A thoracic team has introduced community specialist nurses to reduce patients’ hospital stays and readmission rates. This initiative won the Surgical Nursing category in the 2021 Nursing Times Awards
A new role was created for a Macmillan community thoracic specialist nurse at South Tees Hospitals NHS Foundation Trust, to travel to patients’ homes to provide social and emotional support after lung cancer surgery. As a result of the new posts, the department’s readmission rates reduced and patient experience improved.
Citation: Stockdale S et al (2022) A new community thoracic specialist nurse role for post-operative care. Nursing Times [online]; 118: 7.
Authors: Stacey Stockdale, Hayley McNaught, Leanne Connelly and Rachel Calvert are all Macmillan thoracic specialist nurses, South Tees Hospitals NHS Foundation Trust.
Patients undergo thoracic procedures for diagnostic, therapeutic and palliative intent for both benign and malignant diseases, and the thoracic department at South Tees Hospitals NHS Foundation Trust cares for around 800 patients a year who are undergoing these interventions.
In July 2020, the department, in collaboration with Macmillan Cancer Support and South Tees Cancer Services, created a new role for a community thoracic specialist nurse, with the aim of providing holistic care to thoracic patients. The role was intended to actively support patients and their families by providing continuity of care throughout the thoracic surgical pathway. The need for specialised thoracic care had been identified prior to July 2020, but the project began at this point because the Covid-19 pandemic increased the demand for community-based thoracic care to reduce both the length of patients’ hospital stays and their hospital readmission rates.
Addressing gaps in service provision
Our department had already identified a gap in service provision before the pandemic began: patients were discharged following thoracic surgery and often not reviewed until their routine six-week post-surgery clinic check-up. The spread of the coronavirus in 2020 meant it became imperative to discharge post-operative patients as quickly as possible; patients with lung cancer are at an increased risk of becoming infected with Covid-19 and there were concerns they would experience higher rates of morbidity and mortality than the general population (Passaro et al, 2021).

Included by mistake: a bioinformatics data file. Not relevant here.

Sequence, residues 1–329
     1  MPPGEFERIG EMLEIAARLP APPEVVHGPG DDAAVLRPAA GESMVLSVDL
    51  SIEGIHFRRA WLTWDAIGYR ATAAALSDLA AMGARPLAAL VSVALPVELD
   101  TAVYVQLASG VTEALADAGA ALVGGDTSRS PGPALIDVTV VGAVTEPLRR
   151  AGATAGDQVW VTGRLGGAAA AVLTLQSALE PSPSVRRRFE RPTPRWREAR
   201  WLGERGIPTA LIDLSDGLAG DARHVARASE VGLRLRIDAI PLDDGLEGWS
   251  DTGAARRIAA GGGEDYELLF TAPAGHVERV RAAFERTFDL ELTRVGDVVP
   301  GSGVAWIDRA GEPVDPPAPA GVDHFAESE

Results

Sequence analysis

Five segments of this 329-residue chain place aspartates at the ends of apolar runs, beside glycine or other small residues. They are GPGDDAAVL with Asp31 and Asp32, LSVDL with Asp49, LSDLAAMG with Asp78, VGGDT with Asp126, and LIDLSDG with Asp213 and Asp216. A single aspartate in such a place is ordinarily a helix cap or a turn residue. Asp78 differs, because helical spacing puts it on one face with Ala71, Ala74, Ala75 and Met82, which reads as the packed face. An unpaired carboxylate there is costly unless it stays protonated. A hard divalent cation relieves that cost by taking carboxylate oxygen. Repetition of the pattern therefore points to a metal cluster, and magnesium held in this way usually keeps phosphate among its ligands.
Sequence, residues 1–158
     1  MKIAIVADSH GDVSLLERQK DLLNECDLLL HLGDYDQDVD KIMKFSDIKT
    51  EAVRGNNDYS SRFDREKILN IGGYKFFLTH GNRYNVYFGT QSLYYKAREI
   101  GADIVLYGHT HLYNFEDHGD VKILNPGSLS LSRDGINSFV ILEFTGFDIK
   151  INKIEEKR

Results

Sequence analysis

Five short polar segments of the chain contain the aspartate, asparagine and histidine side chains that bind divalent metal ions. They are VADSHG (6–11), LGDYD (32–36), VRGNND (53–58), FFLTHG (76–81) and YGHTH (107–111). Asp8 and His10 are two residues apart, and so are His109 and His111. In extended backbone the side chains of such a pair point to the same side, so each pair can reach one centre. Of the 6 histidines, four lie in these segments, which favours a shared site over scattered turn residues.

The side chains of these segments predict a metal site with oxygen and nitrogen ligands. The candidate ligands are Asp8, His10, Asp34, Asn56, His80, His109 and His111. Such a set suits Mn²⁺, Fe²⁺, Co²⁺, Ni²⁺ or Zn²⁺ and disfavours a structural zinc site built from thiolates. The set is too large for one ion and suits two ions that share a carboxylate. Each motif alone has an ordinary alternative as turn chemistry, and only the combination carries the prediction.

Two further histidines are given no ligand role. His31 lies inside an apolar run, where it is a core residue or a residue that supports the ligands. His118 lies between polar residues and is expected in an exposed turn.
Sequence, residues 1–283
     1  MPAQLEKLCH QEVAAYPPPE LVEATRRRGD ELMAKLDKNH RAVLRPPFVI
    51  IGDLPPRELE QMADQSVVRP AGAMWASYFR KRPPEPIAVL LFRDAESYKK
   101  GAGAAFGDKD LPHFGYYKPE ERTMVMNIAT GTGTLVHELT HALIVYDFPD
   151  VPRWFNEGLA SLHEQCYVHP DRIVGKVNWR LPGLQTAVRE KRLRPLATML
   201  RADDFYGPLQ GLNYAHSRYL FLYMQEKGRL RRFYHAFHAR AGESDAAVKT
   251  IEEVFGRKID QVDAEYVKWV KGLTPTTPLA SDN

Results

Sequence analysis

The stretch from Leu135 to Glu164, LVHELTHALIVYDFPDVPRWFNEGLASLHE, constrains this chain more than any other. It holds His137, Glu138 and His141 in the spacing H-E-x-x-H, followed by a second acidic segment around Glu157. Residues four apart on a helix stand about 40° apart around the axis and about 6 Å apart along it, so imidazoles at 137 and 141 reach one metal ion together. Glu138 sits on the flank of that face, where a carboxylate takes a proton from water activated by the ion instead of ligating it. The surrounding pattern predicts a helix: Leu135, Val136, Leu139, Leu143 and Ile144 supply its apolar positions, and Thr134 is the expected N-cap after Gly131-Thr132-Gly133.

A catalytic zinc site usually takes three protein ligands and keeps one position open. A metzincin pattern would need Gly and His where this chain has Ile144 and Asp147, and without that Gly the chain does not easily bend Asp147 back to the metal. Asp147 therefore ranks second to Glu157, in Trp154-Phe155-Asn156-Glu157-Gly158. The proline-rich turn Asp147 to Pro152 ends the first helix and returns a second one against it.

Our department, therefore, faced the risk of the gap we had identified widening. To address this and improve patient care, we developed the role of a community thoracic specialist nurse to visit patients at home 24-48 hours after discharge. The nurse’s specialist knowledge in thoracic surgery would enable them to:
- Review patients;
- Manage their symptoms;
- Provide reassurance and support for patients and their families.
Setting up the service
Our team worked closely with South Tees Cancer Services and Macmillan Cancer Support to write a proposal for a community thoracic specialist nurse service, which was quickly approved. Macmillan Cancer Support provided a grant of £50,000 in 2020, and this was renewed in 2021. South Tees Hospitals NHS Foundation Trust funded costs for things such as a laptop, telephone and travel expenses, and we arranged to have a pool car used only for this service. Additionally, the trust agreed to take over responsibility for funding the service in the future.
The process was not without challenges, such as obtaining the correct equipment quickly and developing an integrated database that linked to GP, hospital and community care services. This database links to all thoracic services, including pre-assessment, surgery, discharge and all follow-up reviews (both in the clinic and in the community); it also facilitates the specialist nurse role being covered during annual leave and other staff absences. With the trust’s support, we were able to overcome these challenges, ensuring we had adequate equipment and supplies available to manage patients in the community.
Running the service
Funding for one Macmillan community thoracic specialist nurse was introduced and the post is now fully incorporated into the team, with four nurses providing thoracic patients with community support on rotation. As the Covid-19 pandemic has restricted hospital visits for inpatients, the ability to care for patients in the community – where they can see their families and carers – dramatically improves patient care and satisfaction. In addition, the community thoracic specialist nurses are able to examine and manage each patient’s condition at home in a more personalised way than they could previously.
This new role allows the nurse to:
- Support patients during their transition to community care following early discharge;